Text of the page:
Sorry, Rachel. Sorry, Justin. Sorry, Brad. The heyday of high-cost, high-carbon oil is drawing to a close. Not your fault. You just happen to be stuck with the filthiest, costliest faux oil there is in a world market awash in cheap, lower-carbon oil.
There are plenty of places around the world where they just pump good old crude oil right out of the ground. They don't have to mine it. They don't have to boil it out of the ground. They don't have to "upgrade" it and mix it with light oil and heat it just to get it moving through special pipelines.
The Saudis have loads of that good crude oil, "sweet oil." Yet they know that oil's days are numbered, even for their stuff. It pains me to suggest that we might learn a thing or two from a group as odious, even barbaric as the Saudis but, hey, they might just be the canary for our bitumen mines.
The Saudis peered into the future and what they saw convinced them there was no time to waste, they had to break their dependence on oil revenues. They even used the word "addiction." And so they've set a target of 2030 to be independent of oil revenues. That means a transition to a post-oil economy and in an almost breathtakingly short time frame.
Meanwhile, Michael Klare suggests we've hit a form of "peak oil" - on the demand side, not supply. Just as all this unconventional energy from fracking fields, bitumen mines and seabed wells is flooding the markets, demand is stagnating. That, in turn, leaves those who are blessed with fields of low-carbon, low cost conventional oil with the market whip hand.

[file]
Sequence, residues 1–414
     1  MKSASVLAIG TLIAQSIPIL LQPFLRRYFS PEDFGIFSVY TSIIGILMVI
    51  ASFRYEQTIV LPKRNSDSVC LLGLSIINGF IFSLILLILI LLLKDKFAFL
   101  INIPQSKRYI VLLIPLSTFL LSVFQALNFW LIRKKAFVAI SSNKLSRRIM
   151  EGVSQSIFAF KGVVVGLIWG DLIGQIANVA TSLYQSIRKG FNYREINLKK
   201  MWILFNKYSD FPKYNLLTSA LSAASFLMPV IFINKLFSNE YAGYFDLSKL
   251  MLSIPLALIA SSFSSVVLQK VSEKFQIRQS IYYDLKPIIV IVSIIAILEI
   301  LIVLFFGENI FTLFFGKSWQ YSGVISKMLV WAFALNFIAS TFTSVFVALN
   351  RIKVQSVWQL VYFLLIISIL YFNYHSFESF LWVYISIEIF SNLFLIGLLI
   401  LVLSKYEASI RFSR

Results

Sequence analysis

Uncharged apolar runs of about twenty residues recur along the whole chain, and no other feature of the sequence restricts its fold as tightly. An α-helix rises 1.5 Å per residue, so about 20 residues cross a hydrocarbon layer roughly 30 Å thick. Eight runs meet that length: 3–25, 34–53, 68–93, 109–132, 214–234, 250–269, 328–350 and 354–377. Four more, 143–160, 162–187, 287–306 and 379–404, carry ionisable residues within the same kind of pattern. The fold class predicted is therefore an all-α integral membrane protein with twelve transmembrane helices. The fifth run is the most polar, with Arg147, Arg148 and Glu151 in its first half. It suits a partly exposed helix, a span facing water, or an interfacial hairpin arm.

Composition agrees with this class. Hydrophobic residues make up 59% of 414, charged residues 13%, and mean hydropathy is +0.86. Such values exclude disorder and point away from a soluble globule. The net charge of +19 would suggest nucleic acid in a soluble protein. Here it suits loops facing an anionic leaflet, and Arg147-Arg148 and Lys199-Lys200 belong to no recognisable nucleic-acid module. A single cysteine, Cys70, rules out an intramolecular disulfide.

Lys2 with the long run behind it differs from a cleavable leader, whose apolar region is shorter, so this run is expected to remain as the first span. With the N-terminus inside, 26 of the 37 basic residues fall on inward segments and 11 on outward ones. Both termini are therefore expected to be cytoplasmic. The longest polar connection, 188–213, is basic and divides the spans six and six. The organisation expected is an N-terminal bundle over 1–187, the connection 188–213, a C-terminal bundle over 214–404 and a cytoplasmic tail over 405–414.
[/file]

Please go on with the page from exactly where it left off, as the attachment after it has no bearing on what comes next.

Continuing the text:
Klare contends that the recent OPEC summit in Doha shows that the days when western producers could count on Middle East oil solidarity to prop up prices are over.
It is hard to overstate the significance of the Doha debacle. At the very least, it will perpetuate the low oil prices that have plagued the industry for the past two years, forcing smaller firms into bankruptcy and erasing hundreds of billions of dollars of investments in new production capacity. It may also have obliterated any future prospects for cooperation between OPEC and non-OPEC producers in regulating the market. Most of all, however, it demonstrated that the petroleum-fueled world we’ve known these last decades -- with oil demand always thrusting ahead of supply, ensuring steady profits for all major producers -- is no more. Replacing it is an anemic, possibly even declining, demand for oil that is likely to force suppliers to fight one another for ever-diminishing market shares.
The failure of that November meeting has been widely attributed to the Saudis’ desire to kill off new output elsewhere -- especially shale production in the United States -- and to restore their historic dominance of the global oil market. Many analysts were also convinced that Riyadh was seeking to punish regional rivals Iran and Russia for their support of the Assad regime in Syria (which the Saudis seek to topple).
The rejection, in other words, was meant to fulfill two tasks at the same time: blunt or wipe out the challenge posed by North American shale producers and undermine two economically shaky energy powers that opposed Saudi goals in the Middle East by depriving them of much needed oil revenues. Because Saudi Arabia could produce oil so much more cheaply than other countries -- for as little as $3 per barrel -- and because it could draw upon hundreds of billions of dollars in sovereign wealth funds to meet any budget shortfalls of its own, its leaders believed it more capable of weathering any price downturn than its rivals. Today, however, that rosy prediction is looking grimmer as the Saudi royals begin to feel the pinch of low oil prices, and find themselves cutting back on the benefits they had been passing on to an ever-growing, potentially restive population while still financing a costly, inconclusive, and increasingly disastrous war in Yemen.